Are you considering taking dietary supplements? It's important to remember that supplements include not only vitamins and minerals, but also herbs, botanicals, probiotics, fish oil, and other substances. While some supplements can help ensure that you get the right amounts of essential nutrients or promote optimal health and performance, they are not intended to treat, diagnose, mitigate, prevent, or cure diseases. In some cases, dietary supplements can have unwanted effects, so it's important to be informed before taking them. To help you make an informed decision about taking dietary supplements, here are five questions to ask.
1.How Do I Know If I Need a Dietary Supplement?The Dietary Guidelines for Americans and MyPlate recommend eating a variety of foods to get the right amounts of essential nutrients.
However, if you don't eat a variety of foods, dietary supplements can help ensure that you get the right amounts of essential nutrients. Before taking any dietary supplement, it's important to talk to your healthcare provider to determine the best way to achieve optimal health.
2.Where Can I Find Out How Much of Each Vitamin and Mineral I Need?The US free online tool provides a list of all the vitamins and minerals and how much you need. Just enter a few facts about yourself, including your age, height, and weight. You can also get a list of your daily calorie, protein, and other nutritional needs.
Keep in mind that the amounts of vitamins and minerals you need include everything you get from food and beverages; you may or may not need a dietary supplement to reach these amounts.
3.How Can I Learn More About a Particular Dietary Supplement?Scientific evidence supporting the benefits of some dietary supplements is available. However, unlike medications, the manufacturer does not have to prove that the supplement is effective. The manufacturer may say that the product addresses a nutrient deficiency, supports health, or reduces the risk of developing a health problem if true. All products labeled as dietary supplements carry a complementary information label similar to the nutrition facts label found on food products.
4.Where Can I Find Information on the Use of Dietary Supplements for a Particular Condition or Disease?The Dietary Guidelines for Americans and ChooseMyPlate provide good sources of information on how to eat well.
Talk to your healthcare provider to help you determine what supplements, if any, might be valuable to you.
5.What Does the Information Label on a Dietary Supplement's Supplement Tell Me?The supplement information label lists the active ingredients and their quantities as well as other added ingredients such as fillers, binders and flavorings. It also provides a suggested serving size but you and your healthcare provider may decide that a different amount is more appropriate for you. On the supplement information label, the amounts of vitamins, minerals and other nutrients such as dietary fiber are listed as a percentage of the daily value or %DV.Each nutrient has a DV that applies to all people aged 4 and over. For example, the DV of vitamin C is 90 milligrams (mg) and the DV of vitamin B biotin is 30 micrograms (mcg).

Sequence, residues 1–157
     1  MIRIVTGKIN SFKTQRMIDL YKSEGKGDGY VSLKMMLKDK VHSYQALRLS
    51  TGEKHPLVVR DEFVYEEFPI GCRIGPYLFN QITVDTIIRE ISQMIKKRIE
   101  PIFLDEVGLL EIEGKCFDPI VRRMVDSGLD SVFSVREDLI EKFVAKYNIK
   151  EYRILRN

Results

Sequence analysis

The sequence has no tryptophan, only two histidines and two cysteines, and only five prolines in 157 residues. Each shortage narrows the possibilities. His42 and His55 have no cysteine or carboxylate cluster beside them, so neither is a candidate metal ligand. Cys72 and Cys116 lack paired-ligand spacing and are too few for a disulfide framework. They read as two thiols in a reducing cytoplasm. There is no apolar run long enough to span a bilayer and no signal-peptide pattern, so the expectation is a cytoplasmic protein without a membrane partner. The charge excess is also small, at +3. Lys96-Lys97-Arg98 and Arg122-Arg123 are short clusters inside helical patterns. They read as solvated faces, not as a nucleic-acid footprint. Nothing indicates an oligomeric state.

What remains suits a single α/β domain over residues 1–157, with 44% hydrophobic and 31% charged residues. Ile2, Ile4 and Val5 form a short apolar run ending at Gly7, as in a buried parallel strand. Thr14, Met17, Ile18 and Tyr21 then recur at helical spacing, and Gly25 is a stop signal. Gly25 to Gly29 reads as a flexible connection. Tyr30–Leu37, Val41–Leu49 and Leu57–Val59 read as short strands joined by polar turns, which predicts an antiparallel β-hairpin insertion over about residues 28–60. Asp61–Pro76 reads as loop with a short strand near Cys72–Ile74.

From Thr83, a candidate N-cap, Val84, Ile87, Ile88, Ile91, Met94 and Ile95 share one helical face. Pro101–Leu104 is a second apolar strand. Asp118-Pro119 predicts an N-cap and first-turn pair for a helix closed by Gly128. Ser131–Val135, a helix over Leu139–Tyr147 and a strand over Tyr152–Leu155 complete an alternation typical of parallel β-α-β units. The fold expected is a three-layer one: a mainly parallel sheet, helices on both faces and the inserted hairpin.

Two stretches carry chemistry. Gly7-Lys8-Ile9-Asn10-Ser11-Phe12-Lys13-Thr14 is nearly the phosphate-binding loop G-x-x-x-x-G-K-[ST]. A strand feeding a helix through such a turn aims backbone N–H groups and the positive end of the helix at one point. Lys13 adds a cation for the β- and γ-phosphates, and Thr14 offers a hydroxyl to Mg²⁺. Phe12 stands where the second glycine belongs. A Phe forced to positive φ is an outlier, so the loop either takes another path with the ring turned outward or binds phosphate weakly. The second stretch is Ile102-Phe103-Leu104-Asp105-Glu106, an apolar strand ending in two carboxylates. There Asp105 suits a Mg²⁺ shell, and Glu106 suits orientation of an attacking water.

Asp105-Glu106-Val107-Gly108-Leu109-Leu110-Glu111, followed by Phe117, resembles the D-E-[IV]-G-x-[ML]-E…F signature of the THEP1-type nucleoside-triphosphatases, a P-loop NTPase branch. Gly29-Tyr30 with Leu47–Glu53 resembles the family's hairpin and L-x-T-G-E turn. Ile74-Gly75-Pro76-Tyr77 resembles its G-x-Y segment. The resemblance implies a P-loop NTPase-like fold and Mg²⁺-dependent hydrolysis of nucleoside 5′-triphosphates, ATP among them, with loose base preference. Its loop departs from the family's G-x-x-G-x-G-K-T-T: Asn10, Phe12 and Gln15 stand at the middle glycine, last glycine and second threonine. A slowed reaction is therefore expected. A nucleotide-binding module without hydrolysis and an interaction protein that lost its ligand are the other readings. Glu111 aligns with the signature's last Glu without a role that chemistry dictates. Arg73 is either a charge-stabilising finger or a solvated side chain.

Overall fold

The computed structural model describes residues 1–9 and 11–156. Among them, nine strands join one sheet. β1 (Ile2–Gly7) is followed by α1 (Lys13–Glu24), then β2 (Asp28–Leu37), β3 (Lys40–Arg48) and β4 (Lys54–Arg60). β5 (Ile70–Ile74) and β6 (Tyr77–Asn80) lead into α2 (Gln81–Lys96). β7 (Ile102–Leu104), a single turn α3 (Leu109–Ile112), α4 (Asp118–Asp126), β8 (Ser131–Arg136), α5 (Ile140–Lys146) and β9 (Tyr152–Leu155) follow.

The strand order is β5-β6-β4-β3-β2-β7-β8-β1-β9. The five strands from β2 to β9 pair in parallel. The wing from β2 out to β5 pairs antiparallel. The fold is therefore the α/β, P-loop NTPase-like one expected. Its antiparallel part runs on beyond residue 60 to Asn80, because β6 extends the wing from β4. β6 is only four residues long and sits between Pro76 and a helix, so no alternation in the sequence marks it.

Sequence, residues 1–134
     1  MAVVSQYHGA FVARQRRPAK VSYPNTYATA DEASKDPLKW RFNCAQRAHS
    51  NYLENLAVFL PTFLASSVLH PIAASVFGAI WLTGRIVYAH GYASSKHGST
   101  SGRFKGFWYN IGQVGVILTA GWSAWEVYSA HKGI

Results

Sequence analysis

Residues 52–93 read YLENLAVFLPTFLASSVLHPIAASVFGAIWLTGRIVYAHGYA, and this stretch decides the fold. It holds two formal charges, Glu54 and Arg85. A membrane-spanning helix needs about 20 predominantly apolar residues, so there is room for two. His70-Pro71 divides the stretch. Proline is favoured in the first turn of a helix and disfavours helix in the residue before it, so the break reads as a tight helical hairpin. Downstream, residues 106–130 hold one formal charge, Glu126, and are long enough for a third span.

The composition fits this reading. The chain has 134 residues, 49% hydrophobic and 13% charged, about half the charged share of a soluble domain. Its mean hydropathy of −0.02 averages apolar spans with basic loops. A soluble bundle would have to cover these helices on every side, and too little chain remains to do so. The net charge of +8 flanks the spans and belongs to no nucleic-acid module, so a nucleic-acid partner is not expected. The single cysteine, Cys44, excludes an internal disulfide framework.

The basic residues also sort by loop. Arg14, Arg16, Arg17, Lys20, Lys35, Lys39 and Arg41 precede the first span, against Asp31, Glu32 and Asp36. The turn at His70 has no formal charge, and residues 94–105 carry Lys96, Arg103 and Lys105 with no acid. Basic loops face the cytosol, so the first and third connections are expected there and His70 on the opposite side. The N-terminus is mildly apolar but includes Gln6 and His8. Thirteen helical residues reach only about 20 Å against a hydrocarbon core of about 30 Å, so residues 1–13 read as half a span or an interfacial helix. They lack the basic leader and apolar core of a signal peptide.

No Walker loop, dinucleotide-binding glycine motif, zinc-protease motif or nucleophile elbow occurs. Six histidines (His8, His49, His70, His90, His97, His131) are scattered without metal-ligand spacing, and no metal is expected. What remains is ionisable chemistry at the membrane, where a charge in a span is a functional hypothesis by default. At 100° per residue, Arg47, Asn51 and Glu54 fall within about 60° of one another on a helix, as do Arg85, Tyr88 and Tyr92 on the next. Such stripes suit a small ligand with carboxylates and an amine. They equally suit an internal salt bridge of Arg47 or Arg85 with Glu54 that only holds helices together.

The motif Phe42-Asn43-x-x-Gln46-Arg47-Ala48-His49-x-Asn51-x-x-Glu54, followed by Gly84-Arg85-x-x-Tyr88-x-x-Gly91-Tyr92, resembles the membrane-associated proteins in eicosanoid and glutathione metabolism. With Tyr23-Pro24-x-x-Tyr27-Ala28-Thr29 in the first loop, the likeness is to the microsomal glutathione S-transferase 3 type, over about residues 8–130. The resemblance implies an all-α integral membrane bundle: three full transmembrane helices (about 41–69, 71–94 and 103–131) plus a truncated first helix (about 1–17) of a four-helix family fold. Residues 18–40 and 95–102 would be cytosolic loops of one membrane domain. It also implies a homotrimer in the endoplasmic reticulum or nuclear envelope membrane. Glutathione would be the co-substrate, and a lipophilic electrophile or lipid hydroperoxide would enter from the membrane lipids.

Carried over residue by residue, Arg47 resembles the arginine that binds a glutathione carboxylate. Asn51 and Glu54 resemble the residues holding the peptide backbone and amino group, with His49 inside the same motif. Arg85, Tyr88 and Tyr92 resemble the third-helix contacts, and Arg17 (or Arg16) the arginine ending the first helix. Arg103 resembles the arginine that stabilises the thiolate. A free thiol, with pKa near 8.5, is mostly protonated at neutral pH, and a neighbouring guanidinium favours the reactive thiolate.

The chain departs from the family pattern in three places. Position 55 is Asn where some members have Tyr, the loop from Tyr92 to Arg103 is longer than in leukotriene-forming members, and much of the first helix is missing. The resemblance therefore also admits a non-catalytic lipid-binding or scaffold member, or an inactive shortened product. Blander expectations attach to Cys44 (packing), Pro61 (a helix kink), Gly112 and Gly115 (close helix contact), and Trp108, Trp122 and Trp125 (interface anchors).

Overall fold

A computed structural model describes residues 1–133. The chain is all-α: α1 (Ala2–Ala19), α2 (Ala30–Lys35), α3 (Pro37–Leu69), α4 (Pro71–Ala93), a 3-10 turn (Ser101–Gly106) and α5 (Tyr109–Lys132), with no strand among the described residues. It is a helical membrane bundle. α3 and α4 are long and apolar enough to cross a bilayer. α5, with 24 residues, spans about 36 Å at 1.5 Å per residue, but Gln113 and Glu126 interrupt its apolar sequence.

The %DV allows you to see how much a product contributes to your approximate daily needs for that nutrient. For example, if a supplement provides 50% of the recommended daily dose of calcium, it provides approximately half of the daily calcium requirement.The Food and Drug Administration (FDA) has a website that describes the nutrition facts label and the DV in more detail.
What Is the Difference Between Recommended Daily Dose and Daily Value for Vitamins or Minerals?Many terms are used to refer to the amount of a particular nutrient (such as calcium or vitamin D) you should eat or the amount of a food or dietary supplement. The two most common are Recommended Daily Allowance (RDA) and Daily Value (DV).The recommended daily doses of a nutrient are the recommended daily intakes for healthy people. They tell you how much of that nutrient you should consume on average each day.
RDAs are developed by the Food and Nutrition Board of the National Academies of Sciences, Engineering and Medicine; they vary depending on age, gender, and whether a woman is pregnant or breastfeeding; therefore there are many different recommended daily doses for each nutrient.The Food and Drug Administration (FDA) uses DVs on labels of foods and dietary supplements. For each nutrient there is one DV for everyone over 4 years old; therefore DVs are not recommended intakes but rather suggest how much nutrient one portion of food or supplement provides in context with total daily diet. DVs tend to equal or exceed recommended doses for most people but not in all cases.The Dietary Supplement Label Database has a web page that lists DVs for all nutrients.
What Are Upper Limits (ULs) for Vitamins and Minerals?Upper limits (ULs) refer to maximum levels at which no adverse effects are expected from long-term consumption. ULs vary depending on age group; they are higher for adults than children because adults have higher body weights than children.
ULs also vary depending on gender; they are higher for men than women because men have higher body weights than women. Our bodies need vitamins and minerals for many things such as breaking down food we eat producing bones and DNA helping muscles contract etc., but too much can be harmful so it's important to know ULs before taking any dietary supplement.